This is important as it allows Philadelphia with a clear and safe way of moving the ball upwards from where they can interact and attack the Dynamos defence. Additionally, the two midfielders also provide the defenders with additional passing options so that Philadelphia can beat the two forward press.
Philadelphia had another variation of this tactical concept. This was done when the Union were into Houston’s opposition half. Since Philadelphia had numerical control, they used their midfield strength to congest the play in the centre of the play.
The constant movement of the ball and fast short passes meant that Houston’s defensive structure would be drawn inwards. This presented the ripe opportunity to exploit the wide areas.
As such, during this congestion of play, the fullbacks would make runs on the wing space. This allowed the Union to have an outlet for the sustained pressure and congestion of play. As such, the fullback would have lots of space to contribute to the attack.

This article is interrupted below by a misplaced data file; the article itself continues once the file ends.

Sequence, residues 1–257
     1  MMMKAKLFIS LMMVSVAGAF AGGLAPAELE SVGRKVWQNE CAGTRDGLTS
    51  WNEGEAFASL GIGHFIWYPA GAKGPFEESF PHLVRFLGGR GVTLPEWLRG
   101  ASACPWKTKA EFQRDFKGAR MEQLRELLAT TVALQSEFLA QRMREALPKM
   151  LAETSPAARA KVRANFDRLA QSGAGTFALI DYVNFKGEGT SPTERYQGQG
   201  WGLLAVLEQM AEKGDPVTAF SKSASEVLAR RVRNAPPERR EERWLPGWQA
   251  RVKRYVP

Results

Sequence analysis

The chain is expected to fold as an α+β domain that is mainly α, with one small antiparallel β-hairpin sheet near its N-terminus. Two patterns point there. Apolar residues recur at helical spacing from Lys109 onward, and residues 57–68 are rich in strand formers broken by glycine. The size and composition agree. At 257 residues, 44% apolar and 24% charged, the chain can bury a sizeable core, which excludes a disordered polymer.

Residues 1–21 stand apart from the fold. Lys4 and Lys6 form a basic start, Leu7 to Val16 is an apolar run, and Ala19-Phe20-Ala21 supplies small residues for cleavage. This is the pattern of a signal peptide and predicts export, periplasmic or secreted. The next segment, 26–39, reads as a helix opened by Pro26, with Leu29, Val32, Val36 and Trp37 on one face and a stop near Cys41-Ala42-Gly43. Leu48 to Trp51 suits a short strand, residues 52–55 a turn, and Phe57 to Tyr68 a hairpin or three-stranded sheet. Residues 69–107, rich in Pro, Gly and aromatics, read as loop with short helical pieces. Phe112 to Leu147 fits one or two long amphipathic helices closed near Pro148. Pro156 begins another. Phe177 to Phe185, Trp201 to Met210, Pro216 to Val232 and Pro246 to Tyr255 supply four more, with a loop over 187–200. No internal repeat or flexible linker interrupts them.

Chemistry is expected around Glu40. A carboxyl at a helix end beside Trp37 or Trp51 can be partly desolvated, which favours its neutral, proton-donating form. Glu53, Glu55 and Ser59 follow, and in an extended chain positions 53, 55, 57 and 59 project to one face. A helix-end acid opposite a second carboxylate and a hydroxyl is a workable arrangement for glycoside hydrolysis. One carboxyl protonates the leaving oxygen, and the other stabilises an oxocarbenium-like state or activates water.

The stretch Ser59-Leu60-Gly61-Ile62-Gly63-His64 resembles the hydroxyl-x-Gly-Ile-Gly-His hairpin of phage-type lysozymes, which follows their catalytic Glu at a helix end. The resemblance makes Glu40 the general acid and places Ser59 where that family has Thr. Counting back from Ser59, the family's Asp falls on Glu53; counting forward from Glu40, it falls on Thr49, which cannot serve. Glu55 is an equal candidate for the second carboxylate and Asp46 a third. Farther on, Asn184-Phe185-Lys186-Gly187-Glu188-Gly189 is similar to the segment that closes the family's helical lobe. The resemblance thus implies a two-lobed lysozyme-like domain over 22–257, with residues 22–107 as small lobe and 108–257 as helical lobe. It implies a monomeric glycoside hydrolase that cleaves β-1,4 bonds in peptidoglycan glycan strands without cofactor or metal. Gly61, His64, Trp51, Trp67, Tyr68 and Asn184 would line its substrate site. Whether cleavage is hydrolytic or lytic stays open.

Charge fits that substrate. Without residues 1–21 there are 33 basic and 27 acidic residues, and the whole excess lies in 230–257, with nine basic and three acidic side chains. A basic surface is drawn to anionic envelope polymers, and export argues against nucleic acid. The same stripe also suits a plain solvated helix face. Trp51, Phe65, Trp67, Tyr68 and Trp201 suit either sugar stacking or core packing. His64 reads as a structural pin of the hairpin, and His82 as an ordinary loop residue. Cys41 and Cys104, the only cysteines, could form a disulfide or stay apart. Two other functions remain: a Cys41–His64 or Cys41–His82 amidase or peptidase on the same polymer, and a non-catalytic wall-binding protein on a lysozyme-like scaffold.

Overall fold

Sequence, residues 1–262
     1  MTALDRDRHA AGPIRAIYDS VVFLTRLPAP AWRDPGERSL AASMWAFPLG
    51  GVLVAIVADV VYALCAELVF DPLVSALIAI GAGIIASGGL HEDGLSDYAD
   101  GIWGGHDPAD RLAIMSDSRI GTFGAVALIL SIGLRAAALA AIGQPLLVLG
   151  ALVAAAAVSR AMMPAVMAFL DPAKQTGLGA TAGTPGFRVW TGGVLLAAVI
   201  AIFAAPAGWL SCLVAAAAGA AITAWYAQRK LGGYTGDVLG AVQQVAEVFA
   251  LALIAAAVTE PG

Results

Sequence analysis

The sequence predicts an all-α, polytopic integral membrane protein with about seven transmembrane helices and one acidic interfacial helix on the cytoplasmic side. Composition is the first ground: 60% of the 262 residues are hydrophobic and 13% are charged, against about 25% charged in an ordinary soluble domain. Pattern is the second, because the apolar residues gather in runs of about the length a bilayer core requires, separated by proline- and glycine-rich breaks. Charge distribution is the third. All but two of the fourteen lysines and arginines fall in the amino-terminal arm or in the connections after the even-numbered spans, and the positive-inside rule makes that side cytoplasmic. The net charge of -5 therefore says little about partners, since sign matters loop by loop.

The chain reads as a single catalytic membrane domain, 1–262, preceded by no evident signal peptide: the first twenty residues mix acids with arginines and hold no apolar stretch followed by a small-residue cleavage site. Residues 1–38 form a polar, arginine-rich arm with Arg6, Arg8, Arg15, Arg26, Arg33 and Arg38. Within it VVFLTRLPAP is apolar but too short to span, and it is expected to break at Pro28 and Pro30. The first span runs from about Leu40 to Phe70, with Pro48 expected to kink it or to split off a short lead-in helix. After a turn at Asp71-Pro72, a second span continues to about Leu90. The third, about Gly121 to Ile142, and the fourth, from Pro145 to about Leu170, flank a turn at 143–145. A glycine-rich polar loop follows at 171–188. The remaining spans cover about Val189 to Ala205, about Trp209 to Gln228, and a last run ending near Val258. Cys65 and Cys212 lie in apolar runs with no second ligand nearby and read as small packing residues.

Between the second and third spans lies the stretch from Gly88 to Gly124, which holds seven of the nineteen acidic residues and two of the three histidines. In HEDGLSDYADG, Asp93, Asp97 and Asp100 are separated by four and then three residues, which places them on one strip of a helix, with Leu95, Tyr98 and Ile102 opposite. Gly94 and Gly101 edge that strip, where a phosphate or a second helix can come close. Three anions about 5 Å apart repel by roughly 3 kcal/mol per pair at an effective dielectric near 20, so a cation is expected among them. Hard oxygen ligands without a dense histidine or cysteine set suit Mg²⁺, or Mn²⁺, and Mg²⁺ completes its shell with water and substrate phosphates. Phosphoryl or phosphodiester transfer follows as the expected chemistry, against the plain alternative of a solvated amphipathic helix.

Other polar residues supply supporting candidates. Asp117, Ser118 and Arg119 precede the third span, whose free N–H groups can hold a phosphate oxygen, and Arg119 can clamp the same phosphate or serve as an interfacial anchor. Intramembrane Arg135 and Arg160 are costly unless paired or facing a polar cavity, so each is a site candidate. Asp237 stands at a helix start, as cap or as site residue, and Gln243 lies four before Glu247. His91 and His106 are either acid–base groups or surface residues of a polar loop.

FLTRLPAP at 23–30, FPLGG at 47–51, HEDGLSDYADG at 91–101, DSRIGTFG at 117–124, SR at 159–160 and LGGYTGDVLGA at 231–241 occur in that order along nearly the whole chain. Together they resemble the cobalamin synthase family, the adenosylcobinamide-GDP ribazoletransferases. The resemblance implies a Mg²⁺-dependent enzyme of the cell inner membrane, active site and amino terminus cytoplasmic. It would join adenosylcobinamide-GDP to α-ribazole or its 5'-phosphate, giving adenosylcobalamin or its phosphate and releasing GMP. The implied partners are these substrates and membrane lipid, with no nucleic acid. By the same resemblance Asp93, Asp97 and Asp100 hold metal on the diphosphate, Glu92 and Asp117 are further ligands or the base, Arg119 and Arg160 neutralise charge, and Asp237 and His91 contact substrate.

At this point, the Union also utilized another small tactic. With the fullback moving forward, the two forwards could peel off. The logic behind this was if the opposition fullback moves and confronts the Philadelphia fullback, the presence of the striker can create a 2v1 situation.
This allows Philadelphia to get past the fullback and continue to attack.
We can see, with the white links, the three midfielders in the five-man midfield of Philadelphia (two midfielders are out of the frame). What is important to notice here is that all three of these midfielders combined intricately.
This combination of play remained in the centre of the pitch which meant that the Dynamos midfielders went inwards. Then, with a single pass, the fullback gets the ball in tons of space and time.